– How much time did you need to finish the story and to publish it?
– It takes me about nine months to write a Nathan McBride novel. My publisher then launches it around six months after that. It goes though a thorough editing and typesetting process before it’s ready for publication.
– Did you expect that Nathan McBride’s adventures would become such a hit when you initially started to form the plot?
– I was hopeful, but never certain. The best philosophy is to write from the heart and let the chips fall where they may. Every author wants to be successful, but it’s not something you can script. At the beginning of my career, my journey was a rollercoaster ride, but now I’m in a comfortable place with my writing. Having a supportive publishing team at Thomas & Mercer has made the business side of writing a lot easier. I owe huge thanks to Alan Turkus, Jacque Ben-Zekry, Grace Doyle, and Tiffany Pokorny. Any success I’ve achieved is equally shared with them. I’m also grateful for support from readers. Receiving an encouraging note or email from a reader is extremely rewarding, and I don’t take it for granted.
– Who are you?
– Great question! I am many things to many people. First and foremost, I’m a Christian. I’m also a husband, a son, a brother, an uncle, a friend, and very importantly, an American. Is America perfect? Of course not. But I love my country and I respect and admire our servicemen and servicewomen. I’m also a novelist, and my job is to entertain my readers, not preach to them! I enjoy writing as a career, but my family comes first in my life. In my spare time I like to read, work in my yard, hike in national parks, travel with my wife, fly helicopters, play with my giant schnauzer dog, and I occasionally get in a few rounds of golf. I must say, I’m no Tiger Woods!
– What are your writing habits?
– I can’t say I have a routine. Some writers do, but not me. I typically start out brainstorming an idea with my freelance editor, Ed Stackler. After we have a solid idea, we run it by Alan Turkus, the editorial director at Thomas & Mercer, for a green light to proceed. I then develop a basic outline. Most of the time I know how the story will begin and how it will end. Everything in the middle unfolds as I write. On a daily basis, there is no routine at all. Some days I can’t get a single word written, and other days it flows.
– What are you doing to promote your books by the best possible way?
– I truly rely on my publishing team at Thomas & Mercer. They’re marketing geniuses and I can’t begin to second guess them. I have Facebook and Twitter pages, but I generally don’t use them to promote my books except during a new release. People don’t shop for books on Facebook and Twitter. I use those media for interacting with people. Personally, my website is my main marketing tool. It allows me to let readers know what’s coming as far as new releases, conferences I attend, blogging, and speaking engagements.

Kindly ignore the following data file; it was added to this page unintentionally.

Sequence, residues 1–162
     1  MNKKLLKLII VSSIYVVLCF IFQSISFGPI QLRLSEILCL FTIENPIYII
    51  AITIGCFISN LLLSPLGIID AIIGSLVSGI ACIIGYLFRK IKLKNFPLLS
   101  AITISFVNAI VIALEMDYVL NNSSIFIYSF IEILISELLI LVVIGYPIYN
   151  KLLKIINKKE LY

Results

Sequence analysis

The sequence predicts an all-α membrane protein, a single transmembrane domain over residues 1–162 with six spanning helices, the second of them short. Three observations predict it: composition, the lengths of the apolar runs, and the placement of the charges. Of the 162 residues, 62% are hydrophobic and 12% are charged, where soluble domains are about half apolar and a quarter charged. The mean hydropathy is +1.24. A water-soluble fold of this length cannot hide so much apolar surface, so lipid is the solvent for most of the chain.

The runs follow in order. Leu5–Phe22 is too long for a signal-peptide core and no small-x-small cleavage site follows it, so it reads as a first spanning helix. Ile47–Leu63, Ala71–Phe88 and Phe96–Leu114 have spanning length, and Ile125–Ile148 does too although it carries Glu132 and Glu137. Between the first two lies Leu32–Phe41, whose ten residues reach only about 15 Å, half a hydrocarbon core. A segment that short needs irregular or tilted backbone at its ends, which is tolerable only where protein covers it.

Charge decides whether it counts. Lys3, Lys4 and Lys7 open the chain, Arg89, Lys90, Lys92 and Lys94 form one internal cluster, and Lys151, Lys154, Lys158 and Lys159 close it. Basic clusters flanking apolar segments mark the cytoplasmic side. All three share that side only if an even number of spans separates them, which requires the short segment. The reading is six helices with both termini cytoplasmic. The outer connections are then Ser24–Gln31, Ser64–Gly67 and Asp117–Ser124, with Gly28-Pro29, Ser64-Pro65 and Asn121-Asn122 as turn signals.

– When will we see your next novel and would you unveil something more about it?
– Book #6 is due at the end of this year with a launch date in 2016. The story revolves around a female CIA operations officer who Nathan and Harvey worked closely with when they were assigned to the South American theater of operations.
– If you may ask yourself one question in the interview what will it be?
– Where do you get your ideas? All authors hate that question! Just kidding. . . In reality, it’s a valid query and people ask it often. I’m always tempted to answer that question with another question: Well, where do you get yours? As fiction novelists, we create plots and characters from scratch. For me, I start with an inciting event. Something happens that triggers a subsequent chain of events. The story follows the chain. It’s a series of “if-then” scenarios. My stories are about action and consequence. Right and wrong. Good versus evil. In the Nathan McBride novels, the good guys always win!

To learn more about Andrew Peterson check out his Website

Take a look at his books:
First to Kill
Forced to Kill (The Nathan McBride Series Book 2)
Option to Kill: (A Nathan McBride Novel, Book 3)
Ready to Kill (The Nathan McBride Series Book 4)
Contract to Kill (The Nathan McBride Series Book 5)

About Ognian Georgiev

Ognian Georgiev is a sport journalist, who is working as an editor at the "Bulgaria Today" daily newspaper. He covered the Summer Olympics in Beijing 2008 and in London 2012. The author specializes in sports politics, investigations and coverage of Olympic sports events. Ognian Georgiev works as a TV broadcaster for Eurosport Bulgaria, Nova Broadcasting group, TV+, F+ and TV7. He is a commentator for fight sports events such as boxing/kickboxing and MMA. In May 2014 Ognian Georgiev released the English version of his book The White Prisoner: Galabin Boevski's secret story.

Posted on August 24, 2015, in Author, BESTSELLER, Books, Interview and tagged , , , , , . Bookmark the permalink. Leave a comment.